Thoughts about Coda's Scala mail

Coda Hale is Yammer's infrastructure architect. Yammer is moving their infrastructure code from Scala to Java. Typesafe's CEO (the company founded by Scala's creators) asked him for his reasons and his email was made public by mistake. Read more here


I've worked for 2 years now in on a complex scalable service exposed via web-service created in Scala and my experiense was very different. Here are my thoughts.


First, to summarise the main points of the email:

  1.  the usual argument for "scala is complex" is that complex features of scala are used to write library code and "normal" code is simpler. He says the complexity "leaks". For example, in order to use Scala's collections, one has to know the language features which make them work.
  2.  the vocal part of the community advocates complex constructs and idioms even in "normal" code which confuses people.
  3.  scala advocates sbt which is not mature enough and having to support it takes resources.
  4.  the fact that scala releases are binary incompatible means that if you want to upgrade the scala version, you must use those libraries that update frequently (rather than those that are best)
  5.  there are runtime penalties for some scala features.


My reaction is:

  1. Where I work, people didn't have much problem using collections without understanding the exact mechanisms very well. Sort of like using collections in an untyped language: you care how your code looks, not how the API looks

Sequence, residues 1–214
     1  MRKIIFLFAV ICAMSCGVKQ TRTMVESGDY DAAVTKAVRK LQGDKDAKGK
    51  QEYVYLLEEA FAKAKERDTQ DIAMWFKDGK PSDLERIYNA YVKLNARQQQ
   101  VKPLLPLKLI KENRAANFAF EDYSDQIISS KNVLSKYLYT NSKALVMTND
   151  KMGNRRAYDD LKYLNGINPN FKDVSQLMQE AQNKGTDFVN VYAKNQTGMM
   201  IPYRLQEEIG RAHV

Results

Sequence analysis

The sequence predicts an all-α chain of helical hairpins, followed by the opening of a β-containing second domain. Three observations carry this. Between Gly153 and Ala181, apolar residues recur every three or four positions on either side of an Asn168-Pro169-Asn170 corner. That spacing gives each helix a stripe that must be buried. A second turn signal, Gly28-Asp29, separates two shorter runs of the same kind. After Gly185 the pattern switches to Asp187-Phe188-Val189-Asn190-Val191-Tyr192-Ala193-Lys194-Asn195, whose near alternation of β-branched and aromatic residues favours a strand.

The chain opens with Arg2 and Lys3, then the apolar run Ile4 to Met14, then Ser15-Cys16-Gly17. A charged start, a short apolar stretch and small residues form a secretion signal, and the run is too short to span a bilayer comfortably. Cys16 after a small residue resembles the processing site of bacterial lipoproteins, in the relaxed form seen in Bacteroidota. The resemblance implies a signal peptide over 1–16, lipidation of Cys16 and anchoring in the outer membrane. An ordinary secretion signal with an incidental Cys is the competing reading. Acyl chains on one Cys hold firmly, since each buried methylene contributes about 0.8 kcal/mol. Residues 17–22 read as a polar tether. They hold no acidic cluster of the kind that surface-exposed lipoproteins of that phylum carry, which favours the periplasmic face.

2. In a similar vain, people didn't try to use the most advanced features. most of what we did is write problem-solving-focused code, but the features that scala gave made it more pleasent to write. Sometimes we used that bit of extra power that Scala gives, and then it was very benefitial
  3. We didn't use sbt and i'm against using it since it is obviously not mature. If someone uses a tool when its version is 0.7 (currently it is 0.10), then he is asking for trouble anyway
  4. We were on 2.8.0 for a long time and didn't feel any pain of not moving to 2.9. Only 3 weeks ago did we move and then it was painless since all libraries have already updated. It is not a big deal to update a library to a new scala version. mostly just recompiling (the incompatabilities are in binary level, not source level).
  5. Our performance is better than an older framework which was written in Java (but a different architecture). Also see and The first s an article from google comparing implementation of an algorithm in C++/Java/Scala/Go. the conclusion was that while C++ had the best performance it required a lot of very clever optimizations while the Scala version gave good performance and simple code and behaved better than Java. The second article gives an example of how a higher level library gave better productivity and performance. Furhtermore, the performance issues at Yammer seems to come from having to use low level constructs (serialization) with high-level language.


So, my overall conclusion is that they were aiming very high (trying to use sbt, all sorts of complex idioms) and therefore failed. In my work, our aim is not so high (we never discussed things like bijective map or semi algebras).


The lesson is that if a team wants to adopt Scala, they need to not try to use every feature of the language, nor is it important to read and understand every blog. Use the "simpler parts" and you'll be fine.





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